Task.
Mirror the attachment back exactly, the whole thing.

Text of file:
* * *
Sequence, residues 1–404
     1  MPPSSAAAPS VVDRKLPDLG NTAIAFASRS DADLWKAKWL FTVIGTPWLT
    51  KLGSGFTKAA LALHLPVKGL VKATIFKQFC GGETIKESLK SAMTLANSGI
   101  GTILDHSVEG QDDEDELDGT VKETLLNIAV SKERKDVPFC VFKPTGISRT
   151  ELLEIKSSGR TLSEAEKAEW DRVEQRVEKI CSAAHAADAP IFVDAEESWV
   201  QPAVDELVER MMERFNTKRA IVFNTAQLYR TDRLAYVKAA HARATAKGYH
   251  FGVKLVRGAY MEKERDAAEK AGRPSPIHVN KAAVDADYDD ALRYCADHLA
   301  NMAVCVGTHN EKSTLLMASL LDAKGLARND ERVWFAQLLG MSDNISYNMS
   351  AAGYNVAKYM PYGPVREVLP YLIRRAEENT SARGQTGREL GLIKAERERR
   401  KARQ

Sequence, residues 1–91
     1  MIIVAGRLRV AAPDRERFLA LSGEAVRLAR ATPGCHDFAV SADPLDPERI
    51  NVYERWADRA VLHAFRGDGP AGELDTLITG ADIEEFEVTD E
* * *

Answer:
Sequence, residues 1–404
     1  MPPSSAAAPS VVDRKLPDLG NTAIAFASRS DADLWKAKWL FTVIGTPWLT
    51  KLGSGFTKAA LALHLPVKGL VKATIFKQFC GGETIKESLK SAMTLANSGI
   101  GTILDHSVEG QDDEDELDGT VKETLLNIAV SKERKDVPFC VFKPTGISRT
   151  ELLEIKSSGR TLSEAEKAEW DRVEQRVEKI CSAAHAADAP IFVDAEESWV
   201  QPAVDELVER MMERFNTKRA IVFNTAQLYR TDRLAYVKAA HARATAKGYH
   251  FGVKLVRGAY MEKERDAAEK AGRPSPIHVN KAAVDADYDD ALRYCADHLA
   301  NMAVCVGTHN EKSTLLMASL LDAKGLARND ERVWFAQLLG MSDNISYNMS
   351  AAGYNVAKYM PYGPVREVLP YLIRRAEENT SARGQTGREL GLIKAERERR
   401  KARQ

Sequence, residues 1–91
     1  MIIVAGRLRV AAPDRERFLA LSGEAVRLAR ATPGCHDFAV SADPLDPERI
    51  NVYERWADRA VLHAFRGDGP AGELDTLITG ADIEEFEVTD E